A Sideways Glare at Contemporary Society
Apparently, for the last several years, in the upper reaches of Western society, the elite among us have been moiling away doing good works. This is not new: the crème de la crème have always shared their largesse with the rest of us, but in the old days it was kinda ad hoc, and, therefore manageable. These days, however, volunteerism has become a multinational business (like the oh-so- evil Walmart) and it’s getting out of hand. I realize calling down charity is like attacking a unicorn — nobody’s going give me a thumbs up on this one — but when something becomes a destructive force, what am I supposed to do?
So, ladies and gentleman, I give you the latest in a series of do-gooder blunders: voluntourism. This little puppy is so wrong — on so many levels — I don’t even know where to start — perhaps, a definition?
In essence, voluntourism is a thinly disguised guilt-free vacation. Rich people can indulge themselves, eat up tons of fossil fuels and other resources and justify it by “giving back” (a vague feel good term that means absolutely nothing.) The vast majority of voluntourists are well-meaning high school and college kids who can afford to “give back” because they don’t have to sling burgers or mochaccinos on a daily basis to pay for their education. The voluntourism experience looks good on a CV; thus giving the voluntourist a rung up on the education and career ladders over their poor bugger peers (who couldn’t afford a semester off in sub Saharan Gabrungi.) Plus, it gives them something to brag about until the first child goes to preppie preschool. Everybody’s happy — except some of us are a little happier than others.
At the other end of this libero-colonial adventure, the target destinations either adapt to their newfound benefactors or they go under. I can’t think of a better way to screw up a struggling local economy than introducing a pool of high quality unpaid labour into the mix. Suddenly, the neighbourhood workforce (in pretty much every area except aid administration) is facing stiff competition from a gang of gungho kids from Indiana. These boys and girls have resources at their disposal that the local folks can only dream about, and they’re undercutting shipping, handling, materials and labour by 100%. Think about it: how long would even a mighty Mcdonald’s franchise last if I opened a burger joint down the block that gave away Happy Meals for free? Even when the voluntourists actually work with the locals, they’re still stealing jobs. These are jobs that an embryonic micro-economy can’t afford to lose.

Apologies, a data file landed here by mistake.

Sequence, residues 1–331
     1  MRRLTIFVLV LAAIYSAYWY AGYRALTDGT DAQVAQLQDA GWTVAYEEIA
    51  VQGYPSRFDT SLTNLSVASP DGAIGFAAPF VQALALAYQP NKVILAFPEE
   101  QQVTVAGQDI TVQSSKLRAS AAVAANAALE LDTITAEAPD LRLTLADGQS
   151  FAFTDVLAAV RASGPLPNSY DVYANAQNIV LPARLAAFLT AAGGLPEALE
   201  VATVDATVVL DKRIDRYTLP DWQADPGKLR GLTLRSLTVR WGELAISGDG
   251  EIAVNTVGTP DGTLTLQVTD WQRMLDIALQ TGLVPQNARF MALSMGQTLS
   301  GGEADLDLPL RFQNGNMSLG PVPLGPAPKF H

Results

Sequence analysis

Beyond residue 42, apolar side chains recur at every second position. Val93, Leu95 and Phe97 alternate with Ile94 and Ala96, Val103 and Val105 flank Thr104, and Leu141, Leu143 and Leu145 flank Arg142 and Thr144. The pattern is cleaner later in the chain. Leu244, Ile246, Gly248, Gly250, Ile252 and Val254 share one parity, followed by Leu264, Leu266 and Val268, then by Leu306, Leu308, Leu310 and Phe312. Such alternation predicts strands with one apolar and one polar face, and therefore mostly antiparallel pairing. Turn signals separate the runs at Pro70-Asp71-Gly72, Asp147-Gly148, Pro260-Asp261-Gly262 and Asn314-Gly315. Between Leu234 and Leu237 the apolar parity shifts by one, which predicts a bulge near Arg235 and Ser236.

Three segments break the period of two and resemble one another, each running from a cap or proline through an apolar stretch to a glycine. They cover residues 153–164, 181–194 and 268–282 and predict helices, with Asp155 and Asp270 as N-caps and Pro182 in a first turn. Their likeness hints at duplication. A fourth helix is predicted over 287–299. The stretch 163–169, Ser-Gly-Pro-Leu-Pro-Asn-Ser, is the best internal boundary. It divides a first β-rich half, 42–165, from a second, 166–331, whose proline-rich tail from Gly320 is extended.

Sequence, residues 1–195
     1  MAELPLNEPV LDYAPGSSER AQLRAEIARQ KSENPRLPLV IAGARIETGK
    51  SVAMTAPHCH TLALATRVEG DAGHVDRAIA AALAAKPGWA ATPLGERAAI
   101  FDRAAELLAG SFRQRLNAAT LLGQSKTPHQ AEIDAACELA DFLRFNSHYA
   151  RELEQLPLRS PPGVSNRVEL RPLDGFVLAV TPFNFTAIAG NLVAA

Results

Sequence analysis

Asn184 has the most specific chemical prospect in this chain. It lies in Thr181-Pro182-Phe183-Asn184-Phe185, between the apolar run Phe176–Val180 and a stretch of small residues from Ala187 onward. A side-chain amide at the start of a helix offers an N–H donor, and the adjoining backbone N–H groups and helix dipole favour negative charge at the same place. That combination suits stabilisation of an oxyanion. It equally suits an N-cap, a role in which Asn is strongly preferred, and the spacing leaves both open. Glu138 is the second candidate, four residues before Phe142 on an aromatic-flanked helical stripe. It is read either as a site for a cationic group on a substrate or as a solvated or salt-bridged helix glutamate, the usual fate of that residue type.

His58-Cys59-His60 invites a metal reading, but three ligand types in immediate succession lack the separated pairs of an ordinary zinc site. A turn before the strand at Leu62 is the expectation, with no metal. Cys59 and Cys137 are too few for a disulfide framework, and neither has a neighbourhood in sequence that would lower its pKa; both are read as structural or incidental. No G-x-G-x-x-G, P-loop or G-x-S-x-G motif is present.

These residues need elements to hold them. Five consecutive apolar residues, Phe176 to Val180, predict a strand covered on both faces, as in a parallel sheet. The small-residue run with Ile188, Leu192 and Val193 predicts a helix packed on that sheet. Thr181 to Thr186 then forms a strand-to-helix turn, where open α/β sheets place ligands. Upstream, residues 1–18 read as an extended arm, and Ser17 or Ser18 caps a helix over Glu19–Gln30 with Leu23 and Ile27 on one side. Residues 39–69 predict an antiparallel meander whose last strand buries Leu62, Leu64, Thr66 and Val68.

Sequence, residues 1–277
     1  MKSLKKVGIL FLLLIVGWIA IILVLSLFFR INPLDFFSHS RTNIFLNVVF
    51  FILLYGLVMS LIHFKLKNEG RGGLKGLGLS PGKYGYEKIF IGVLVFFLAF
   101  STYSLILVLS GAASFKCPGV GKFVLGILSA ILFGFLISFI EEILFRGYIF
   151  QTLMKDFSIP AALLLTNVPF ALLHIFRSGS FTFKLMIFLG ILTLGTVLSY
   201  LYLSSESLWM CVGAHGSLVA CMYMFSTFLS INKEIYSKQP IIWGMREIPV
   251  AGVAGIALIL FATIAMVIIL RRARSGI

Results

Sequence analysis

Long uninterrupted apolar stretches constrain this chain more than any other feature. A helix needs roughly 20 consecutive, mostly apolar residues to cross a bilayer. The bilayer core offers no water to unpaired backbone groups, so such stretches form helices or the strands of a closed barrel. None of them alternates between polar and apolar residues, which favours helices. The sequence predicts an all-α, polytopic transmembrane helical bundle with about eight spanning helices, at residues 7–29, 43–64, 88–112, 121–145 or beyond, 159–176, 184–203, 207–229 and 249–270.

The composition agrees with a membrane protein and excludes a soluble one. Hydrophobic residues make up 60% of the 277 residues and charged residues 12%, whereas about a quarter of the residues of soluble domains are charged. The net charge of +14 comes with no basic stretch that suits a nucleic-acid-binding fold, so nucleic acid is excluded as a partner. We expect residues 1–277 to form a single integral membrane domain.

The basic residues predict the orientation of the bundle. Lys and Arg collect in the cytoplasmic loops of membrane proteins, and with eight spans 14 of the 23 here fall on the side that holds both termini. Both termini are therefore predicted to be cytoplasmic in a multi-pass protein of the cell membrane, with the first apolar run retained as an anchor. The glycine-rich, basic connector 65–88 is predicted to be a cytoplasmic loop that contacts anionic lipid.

The only defence against this economic genocide is, if you can’t beat ‘em, join ‘em. Many local institutions have had to become part of the Western charity food chain in order to survive. Frankly, there’s no advantage to solving problems and flying right if the minute you do, the voluntourists move on, the money dries up and you’re left worse off than when you started. In fact, there are some very clear advantages to not poking your head above the poverty line. So when the voluntourists show up and want to build yet another school, your best bet is to shut up and let them do it. If nothing else, some local somebody is going to make a shekel or two feeding, housing and looking after these contemporary bwanas. Besides, they might tell their friends what a good time they had sorting out the natives, and next season’s crop of Lady Bountifuls will be assured. “It’s the Circle of Life/And it moves us all.”
I’m not against charity, volunteerism or giving my fellow human beings a helping hand. I just can’t abide a bunch of people blundering around the world paving the local roads to hell with their good intentions. The grinding poverty on our planet doesn’t need charity; it needs jobs — local jobs that feed the local economy. Those people who want to help the downtrodden places in our world need to commit to more than just a vacation full. They need to bring business with them when they come, open a local bank for microloans, or start an export clothing business, a bicycle repair shop, or just a simple bed and breakfast. Unfortunately, these things take time and commitment, and the positive results need years to take root. Voluntourists have to get back to their own lives. They have things to do that don’t include slogging it out in a minor village in Cambodia or Rwanda for five, ten or twenty years.
I don’t care how you slice it: voluntourists are tourists; that’s all they are. The interesting thing is, since tourism adds a lot of dollars to any local economy, everybody would be a lot better off, if they just acted like it.